In contrast to the standard linear novel, Hari Kunzru’s “Gods Without Men” twitches back and forth between hundreds of years with characters that all relate and complement one another — even if they do not meet. This makes it a thought-provoking novel for the often distracted and difficult-to-impress modern reader.
The young New York family members Jaz, Lisa and their autistic son Raj are vacationing in the Mojave Desert when Raj disappears. Media appearances, worries and Casey Anthony-ish accusations test Jaz and Lisa’s relationship and question their love for Raj. Although Kunzru’s insight into the couple’s emotions and changing relationship is especially complex, the alternating chapters from other characters’ perspectives do not interrupt the narrative but work in harmony, swirling like the chaos and unity of a dust storm.
These skipping chapters recall Jennifer Egan’s novel “A Visit From the Goon Squad” but feel more natural in their connections between characters. For example, an immigrant Iraqi girl struggling with the idea of cultural identity clears her mind by listening to music, and mistakenly buys a vinyl record of the alien outreach sessions from the chapter set in the 1960s. The British rock star, who happens to be the lead singer of the immigrant girl’s favorite band, went on a mind-clearing drive and ended up in the Mojave. He ends up staying in the same hotel as the Mathurus and is falsely accused of abducting the child at first. All of these accounts and more are not only to test if the reader is paying attention and recognizing these connections, but also to explore the mystery of coincidence and destiny.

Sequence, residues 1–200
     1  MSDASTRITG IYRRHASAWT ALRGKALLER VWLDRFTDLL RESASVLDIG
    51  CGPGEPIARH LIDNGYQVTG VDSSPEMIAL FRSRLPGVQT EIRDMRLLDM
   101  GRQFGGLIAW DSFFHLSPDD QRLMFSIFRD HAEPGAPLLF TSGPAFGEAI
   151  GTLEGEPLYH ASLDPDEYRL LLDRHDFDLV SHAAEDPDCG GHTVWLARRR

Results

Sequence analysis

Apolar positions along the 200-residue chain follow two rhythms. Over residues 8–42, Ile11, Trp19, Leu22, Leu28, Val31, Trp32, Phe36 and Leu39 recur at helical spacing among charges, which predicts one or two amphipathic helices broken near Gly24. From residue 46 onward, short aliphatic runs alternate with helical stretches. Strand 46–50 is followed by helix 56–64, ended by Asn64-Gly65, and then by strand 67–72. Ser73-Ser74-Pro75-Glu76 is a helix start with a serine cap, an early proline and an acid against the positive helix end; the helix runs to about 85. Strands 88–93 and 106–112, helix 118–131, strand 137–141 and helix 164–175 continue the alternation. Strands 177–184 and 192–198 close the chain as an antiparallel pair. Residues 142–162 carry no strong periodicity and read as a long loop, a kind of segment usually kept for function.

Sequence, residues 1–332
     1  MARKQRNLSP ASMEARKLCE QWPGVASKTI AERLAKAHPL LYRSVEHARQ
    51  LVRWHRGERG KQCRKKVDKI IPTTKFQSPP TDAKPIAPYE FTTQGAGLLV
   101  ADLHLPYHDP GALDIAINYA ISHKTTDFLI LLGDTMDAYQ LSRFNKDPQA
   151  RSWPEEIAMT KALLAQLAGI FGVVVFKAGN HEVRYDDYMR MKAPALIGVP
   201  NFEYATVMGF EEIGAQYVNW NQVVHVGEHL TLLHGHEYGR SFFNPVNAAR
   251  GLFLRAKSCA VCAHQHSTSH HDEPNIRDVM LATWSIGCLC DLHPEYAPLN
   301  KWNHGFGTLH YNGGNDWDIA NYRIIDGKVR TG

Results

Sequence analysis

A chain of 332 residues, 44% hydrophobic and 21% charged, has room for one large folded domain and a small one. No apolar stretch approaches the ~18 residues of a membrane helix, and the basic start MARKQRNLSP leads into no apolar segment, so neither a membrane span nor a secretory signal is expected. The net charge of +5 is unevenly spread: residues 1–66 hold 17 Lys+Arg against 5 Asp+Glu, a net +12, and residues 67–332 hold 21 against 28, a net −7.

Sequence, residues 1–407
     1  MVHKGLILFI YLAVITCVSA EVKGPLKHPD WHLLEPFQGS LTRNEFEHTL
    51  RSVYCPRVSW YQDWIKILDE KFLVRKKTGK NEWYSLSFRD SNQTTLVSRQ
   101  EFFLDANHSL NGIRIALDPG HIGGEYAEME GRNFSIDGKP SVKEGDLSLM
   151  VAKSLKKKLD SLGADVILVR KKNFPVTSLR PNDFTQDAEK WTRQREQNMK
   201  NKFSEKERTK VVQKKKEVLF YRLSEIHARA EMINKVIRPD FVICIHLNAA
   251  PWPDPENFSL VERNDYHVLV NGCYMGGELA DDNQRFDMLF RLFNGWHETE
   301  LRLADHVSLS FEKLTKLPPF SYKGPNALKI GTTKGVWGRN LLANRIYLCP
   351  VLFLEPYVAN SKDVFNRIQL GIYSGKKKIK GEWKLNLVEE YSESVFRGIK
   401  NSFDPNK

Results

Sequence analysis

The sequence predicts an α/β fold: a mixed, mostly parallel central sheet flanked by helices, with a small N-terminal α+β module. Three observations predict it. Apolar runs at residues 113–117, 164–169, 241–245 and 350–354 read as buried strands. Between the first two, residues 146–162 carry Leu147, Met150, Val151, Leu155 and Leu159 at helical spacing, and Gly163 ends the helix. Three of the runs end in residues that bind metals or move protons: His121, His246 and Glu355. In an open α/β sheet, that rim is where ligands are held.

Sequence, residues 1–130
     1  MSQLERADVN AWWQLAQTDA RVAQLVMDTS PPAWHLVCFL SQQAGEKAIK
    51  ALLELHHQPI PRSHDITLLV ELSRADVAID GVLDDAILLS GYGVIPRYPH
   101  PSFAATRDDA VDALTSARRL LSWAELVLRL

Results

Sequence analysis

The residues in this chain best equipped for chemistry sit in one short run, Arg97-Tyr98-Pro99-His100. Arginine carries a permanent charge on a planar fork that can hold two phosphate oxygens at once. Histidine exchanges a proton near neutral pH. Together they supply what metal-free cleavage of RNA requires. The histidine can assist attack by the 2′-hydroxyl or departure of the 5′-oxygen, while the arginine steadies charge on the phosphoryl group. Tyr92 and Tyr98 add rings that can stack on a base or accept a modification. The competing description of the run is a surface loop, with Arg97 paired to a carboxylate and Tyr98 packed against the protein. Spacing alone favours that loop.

The novel reads as almost fantastical, with its talk of coyote gods, telepathy and aliens. Yet it is genuine in that every person described seems to be an archetype that is proven later to be a true individual — the rebellious immigrant kid who goes against his culture, the seemingly straight-arrow reformed bad guy, the good girl who gets sucked into hippie-dom. All of their intimate stories, told out of order, are intertwined. Not so much so that it seems over-crafted by the author, but enough to realize the effects of everyday decisions.
The Pinnacle Rocks in the Mojave Desert as the common setting for all of these accounts especially enhance the mysticism of mankind. There’s the bleakness while looking into the desert and seeing nothing but more and more of the same dusty land, but there is also a calm and potential power about the nothingness that humans have not converted into something bound by rules and judgments. It’s a place where people can go insane, or where people go when they are trying to rebuild themselves. Kunzru seems to say that the desert is one of the few places where the pure soul thrives, and everything we do that makes sense in the context of society should deserve some questioning.
What prevents this book from being the author’s inaccessible string of dreams are the prose and careful character development. The first chapter intimidates the most, with descriptions of a coyote-god cooking meth in the desert and causing explosions that lead to his death and resurrection over and over again. Maybe it is a test or perhaps a warning to the reader to keep his mind available to possibilities that aren’t quite literal. The successive chapters are clear and easy to read, but without insulting the reader’s intelligence. The question of Raj’s disappearance and fate sweeps the story forward, not giving the reader a chance to close the book out of boredom.